maternity leave turned to lay off

Im due to take maternity leave very soon. I gave my boss enough notice about my maternity. When he got back to me in regards to the leave, he told me the company didn't have enough money to pay for my maternity (the company is in bad shape) and has to lay me off so I can collect. When he asked if I was coming back, I said yes, i was planning too. He told me call the company back to see if everthing is going well for them. So I feel pretty much like if i lost me job for good. Is that legal?

1 answer  |  asked Oct 15, 2004 1:38 PM [EST]  |  applies to New York

Answers (1)

David M. Lira
Conflicting Reasons

Discrimination claims always get to the reason why an employer takes an action. Discrimination laws are intent laws. That is, in a discrimination case, a court has to in effect climb into the mind of an employer to determine what the employer was thinking.

Now, only certain reasons are prohibited by the anti-discrimination laws. That is, an employer cannot take an action if the reason for the action is an employee's race, national origin, religion, gender, age or handicap. Gender discrimination includes pregnancy discrimination, so that an employer is prohibited from taking an action against an employee if the reason for the action is the employee's pregnancy.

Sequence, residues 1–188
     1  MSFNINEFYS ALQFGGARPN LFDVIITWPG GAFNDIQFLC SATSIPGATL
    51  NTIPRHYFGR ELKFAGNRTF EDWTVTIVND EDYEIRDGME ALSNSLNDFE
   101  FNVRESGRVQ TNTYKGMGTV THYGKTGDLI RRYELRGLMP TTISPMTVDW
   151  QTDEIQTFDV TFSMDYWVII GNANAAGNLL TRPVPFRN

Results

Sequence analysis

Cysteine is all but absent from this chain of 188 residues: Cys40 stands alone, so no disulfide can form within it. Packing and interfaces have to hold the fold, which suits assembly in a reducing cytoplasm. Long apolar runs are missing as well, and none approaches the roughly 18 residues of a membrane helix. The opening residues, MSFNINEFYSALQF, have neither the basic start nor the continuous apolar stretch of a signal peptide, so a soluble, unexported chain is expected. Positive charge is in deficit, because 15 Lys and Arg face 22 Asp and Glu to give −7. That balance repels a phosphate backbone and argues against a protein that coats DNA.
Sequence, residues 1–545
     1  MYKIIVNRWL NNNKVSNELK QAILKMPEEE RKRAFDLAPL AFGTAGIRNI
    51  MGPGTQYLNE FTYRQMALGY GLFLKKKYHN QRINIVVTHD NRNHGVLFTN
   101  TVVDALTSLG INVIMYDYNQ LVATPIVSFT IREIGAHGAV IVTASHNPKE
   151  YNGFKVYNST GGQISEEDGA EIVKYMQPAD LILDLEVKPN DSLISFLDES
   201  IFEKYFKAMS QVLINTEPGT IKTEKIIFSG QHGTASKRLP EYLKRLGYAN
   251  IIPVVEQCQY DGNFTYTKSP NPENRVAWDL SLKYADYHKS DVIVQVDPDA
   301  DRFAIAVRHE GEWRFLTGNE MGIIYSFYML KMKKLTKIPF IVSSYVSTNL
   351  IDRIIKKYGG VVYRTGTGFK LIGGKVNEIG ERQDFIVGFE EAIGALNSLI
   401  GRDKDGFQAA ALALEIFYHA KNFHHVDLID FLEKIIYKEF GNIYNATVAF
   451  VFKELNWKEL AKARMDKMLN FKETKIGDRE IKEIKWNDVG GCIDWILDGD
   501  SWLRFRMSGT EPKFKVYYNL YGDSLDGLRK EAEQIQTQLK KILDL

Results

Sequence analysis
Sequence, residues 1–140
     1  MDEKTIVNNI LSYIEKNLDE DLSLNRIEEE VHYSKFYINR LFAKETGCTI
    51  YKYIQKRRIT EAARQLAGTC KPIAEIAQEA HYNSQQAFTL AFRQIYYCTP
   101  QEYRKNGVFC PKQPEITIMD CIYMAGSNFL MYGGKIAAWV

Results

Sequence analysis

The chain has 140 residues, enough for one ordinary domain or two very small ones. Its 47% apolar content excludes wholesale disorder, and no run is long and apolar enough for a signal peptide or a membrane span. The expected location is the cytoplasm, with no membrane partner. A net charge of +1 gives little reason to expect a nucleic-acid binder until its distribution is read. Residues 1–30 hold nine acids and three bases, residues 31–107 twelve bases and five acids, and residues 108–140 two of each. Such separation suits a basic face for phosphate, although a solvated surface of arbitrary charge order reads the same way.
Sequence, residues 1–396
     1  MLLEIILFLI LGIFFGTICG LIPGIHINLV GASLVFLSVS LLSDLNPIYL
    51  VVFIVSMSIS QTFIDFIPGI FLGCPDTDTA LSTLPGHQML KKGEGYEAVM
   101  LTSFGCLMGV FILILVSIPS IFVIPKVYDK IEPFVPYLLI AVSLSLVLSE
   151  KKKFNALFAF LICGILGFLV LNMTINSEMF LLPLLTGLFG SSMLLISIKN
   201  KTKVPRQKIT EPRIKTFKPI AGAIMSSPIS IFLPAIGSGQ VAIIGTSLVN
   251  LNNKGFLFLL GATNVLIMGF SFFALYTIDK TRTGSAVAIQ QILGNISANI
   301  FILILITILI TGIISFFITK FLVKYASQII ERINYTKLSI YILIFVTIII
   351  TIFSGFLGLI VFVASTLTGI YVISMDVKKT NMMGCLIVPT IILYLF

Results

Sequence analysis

The wording of what I have said above is important because without grasping the wording of what I have just said, you will not understand what I am about to say. Although it is illegal to take an adverse employment action against an employee because that employee is pregnant, it is perfectly legal to take an adverse employment action against any employee, even if the employee happens to be pregnant. In other words, simply because an employee is pregnant does not mean that employee cannot be fired, demoted, transferred, suspended, etc.

In this query, it seems that the employee was fired for two possible reasons: 1) because the company was in financial trouble and had to cut staff; and 2) because the employee is pregnant. The first reason is legal. The second is not.

Without knowing a lot more about the case, I would not be able to say whether reason 1, 2 or both is the actual reason for the employer's action. If the facts show that the only reason was reason 1, then the employer has done nothing wrong. If the reason was 2, or a combination of 1 and 2, then the employer's action is probably illegal.

posted by David M. Lira  |  Oct 19, 2004 09:38 AM [EST]

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